Even though it’s “portable,” a portable CEMS will still need a robust front-end sampling system. The best unit will have a heated probe and heated umbilical (sample tubing) for delivering the sample to the analyzer portion of the instrument.
The prove and umbilical will act to keep the sample above the dewpoint and prevent condensation. Besides preventing the formation of unwanted condensation and clogging, it also prevents premature removal of target gas during condensation formation.
The sample conditioner is next in line before the analyzer is particle and moisture removal and cooling of the sample. In the best-case scenario, this is accomplished with various components:
- Multiple water scrubbers
- Charcoal Scrubber
- Inline Fine Particulate Filter (0.3µm) and Micro-fine Dust Filter (0.2µm)
- Thermo-electric Chiller using Peltier Cooling with Peristaltic Pump for Continuous Moisture Removal
- Diaphragm-type Sample Pump with Temperature Alarm
- Flowmeter for accurate control of sample
All the above components work together to deliver a clean and dry sample to the Portable Analyzer. They also ensure the ability to sample “continuously” without moisture saturation, plugging, and other issues.
The best portable analyzer for low-level continuous gas measurement will not utilize electrochemical cells (although Oxygen cells are sometimes used). Technologies that measure accurately and precisely will be utilized and will offer much higher reliability and minimal maintenance. Depending on the target gas, multiple technologies will also be utilized, as different technologies are more specific and ideal for different gases.
NDIR: Non-Dispersive Infrared technology is commonly used for NOx (Nitric Oxides), CO (Carbon Monoxide), and CO2 (Carbon Dioxide). In the simplest sense, using an infrared light source, the detector measures the absorption of light at wavelengths specific to the target gas.
These analyzers are accurate, precise, and repeatable. They are also very stable and do not change characteristics over their run time. Since the gas going through the detector has been cleaned and dry, there is very little impact on the optics with regard to dirt and corrosion (thereby reducing maintenance requirements).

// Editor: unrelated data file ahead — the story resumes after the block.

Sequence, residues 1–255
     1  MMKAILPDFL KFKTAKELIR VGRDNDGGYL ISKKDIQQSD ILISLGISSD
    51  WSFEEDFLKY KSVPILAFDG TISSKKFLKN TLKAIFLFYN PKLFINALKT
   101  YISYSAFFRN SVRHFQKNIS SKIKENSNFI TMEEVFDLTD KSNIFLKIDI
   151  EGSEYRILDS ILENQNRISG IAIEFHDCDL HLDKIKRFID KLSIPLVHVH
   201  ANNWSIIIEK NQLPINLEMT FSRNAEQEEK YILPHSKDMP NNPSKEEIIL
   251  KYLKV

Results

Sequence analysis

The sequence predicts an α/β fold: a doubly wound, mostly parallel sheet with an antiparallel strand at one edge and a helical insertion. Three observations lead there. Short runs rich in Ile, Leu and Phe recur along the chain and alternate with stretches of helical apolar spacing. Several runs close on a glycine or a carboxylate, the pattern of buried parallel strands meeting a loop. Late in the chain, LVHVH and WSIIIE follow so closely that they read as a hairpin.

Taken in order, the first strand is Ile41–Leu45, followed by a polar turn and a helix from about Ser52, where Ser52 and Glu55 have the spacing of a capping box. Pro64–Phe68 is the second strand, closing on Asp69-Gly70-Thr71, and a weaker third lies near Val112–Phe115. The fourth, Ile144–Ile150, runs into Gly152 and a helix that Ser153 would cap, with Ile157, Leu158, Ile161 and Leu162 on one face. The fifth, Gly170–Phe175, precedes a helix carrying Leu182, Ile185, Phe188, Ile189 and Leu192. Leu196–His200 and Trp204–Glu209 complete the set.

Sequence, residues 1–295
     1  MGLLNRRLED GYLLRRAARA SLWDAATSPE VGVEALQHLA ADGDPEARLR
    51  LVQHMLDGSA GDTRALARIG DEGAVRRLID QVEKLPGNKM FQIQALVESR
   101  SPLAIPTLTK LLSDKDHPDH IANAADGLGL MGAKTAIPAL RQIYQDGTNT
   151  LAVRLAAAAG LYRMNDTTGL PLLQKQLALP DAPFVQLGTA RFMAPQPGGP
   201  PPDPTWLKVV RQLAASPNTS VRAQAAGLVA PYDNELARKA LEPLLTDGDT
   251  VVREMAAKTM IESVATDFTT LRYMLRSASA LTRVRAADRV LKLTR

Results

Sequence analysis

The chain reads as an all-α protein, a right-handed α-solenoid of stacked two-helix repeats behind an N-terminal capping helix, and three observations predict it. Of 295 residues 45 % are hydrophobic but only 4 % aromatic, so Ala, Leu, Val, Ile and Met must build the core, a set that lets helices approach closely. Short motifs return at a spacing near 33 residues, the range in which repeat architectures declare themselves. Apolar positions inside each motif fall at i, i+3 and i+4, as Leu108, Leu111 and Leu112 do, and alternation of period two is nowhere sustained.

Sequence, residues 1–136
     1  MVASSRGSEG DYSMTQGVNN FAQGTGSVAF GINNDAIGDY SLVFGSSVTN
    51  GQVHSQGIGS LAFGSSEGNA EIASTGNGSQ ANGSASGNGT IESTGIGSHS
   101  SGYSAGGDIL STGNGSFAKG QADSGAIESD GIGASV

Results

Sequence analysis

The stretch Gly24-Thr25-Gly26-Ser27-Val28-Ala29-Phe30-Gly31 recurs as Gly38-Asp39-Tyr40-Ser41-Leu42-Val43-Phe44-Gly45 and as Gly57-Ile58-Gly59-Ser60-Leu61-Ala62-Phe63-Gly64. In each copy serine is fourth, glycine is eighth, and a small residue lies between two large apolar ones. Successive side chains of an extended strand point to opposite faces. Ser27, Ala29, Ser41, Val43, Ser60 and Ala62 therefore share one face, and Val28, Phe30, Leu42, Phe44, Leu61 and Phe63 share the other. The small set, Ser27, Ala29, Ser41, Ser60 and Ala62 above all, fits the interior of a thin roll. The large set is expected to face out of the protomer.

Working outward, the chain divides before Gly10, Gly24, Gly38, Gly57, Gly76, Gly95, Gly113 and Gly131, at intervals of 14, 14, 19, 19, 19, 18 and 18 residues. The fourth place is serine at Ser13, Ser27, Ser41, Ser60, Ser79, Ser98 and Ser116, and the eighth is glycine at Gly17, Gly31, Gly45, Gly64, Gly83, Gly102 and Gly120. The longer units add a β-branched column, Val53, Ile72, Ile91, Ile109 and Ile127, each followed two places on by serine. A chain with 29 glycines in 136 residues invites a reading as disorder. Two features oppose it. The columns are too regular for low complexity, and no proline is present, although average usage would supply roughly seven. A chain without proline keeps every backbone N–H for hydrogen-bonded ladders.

The key is the ability to measure accurately across many more and lower ranges. Here are some typical ranges:
SO2 (Sulfur Dioxide) is measured with NDUV (non-dispersive ultraviolet) technology. This works similarly to the NDIR except that ultraviolet waves are absorbed instead of IR light. Again, the advantage is in the ranges achievable.
For example: for Oxygen, electrochemical cells are often used as they are the most stable of these types of cells. The measurements are almost always in Percent (%) ranges where high precision is not as critical. Another technology called Paramagnetic can be utilized for more accurate measurements.
Unlike electrochemical sensing technologies, a Paramagnetic cell never needs changing. Its performance never deteriorates over time, reducing ongoing maintenance requirements and delivering a long operational life. The most common Oxygen range is 0-25%, but ranges of 0-5% and 0-10% are also available.
For difficult gases like HCl (Hydrogen Chloride), NH3 (Ammonia) & CH4 (Methane), Tunable-Diode Laser (TDL) is a technology that offers uncompromised measurement performance. In this case, the analyzer measures the absorption of specific laser light wavelengths.
Portable and temporary ways to measure exhaust and process gases are available in the market. Using good sampling techniques and the proper measurement technologies, it’s possible to sample for long periods of time (hours) and obtain accurate and reliable results. The typical simple combustion analyzer, while having its advantages, is not the device for this type of service.
ESC Spectrum Portable CEMS Services
At ESC Spectrum, we offer customized solutions, including parts from major emission monitoring manufacturers and the expertise needed to repair, maintain, and upgrade your CEMS analyzers.
Contact us today to get an accurate quote for any of our CEMS Services.
Interested in learning a more comprehensive overview of how CEM Systems work? Read Understanding Continuous Emissions Monitoring Systems (CEMS): A Comprehensive Guide. This guide will give you a complete understanding of all the components in the flow of a CEMS.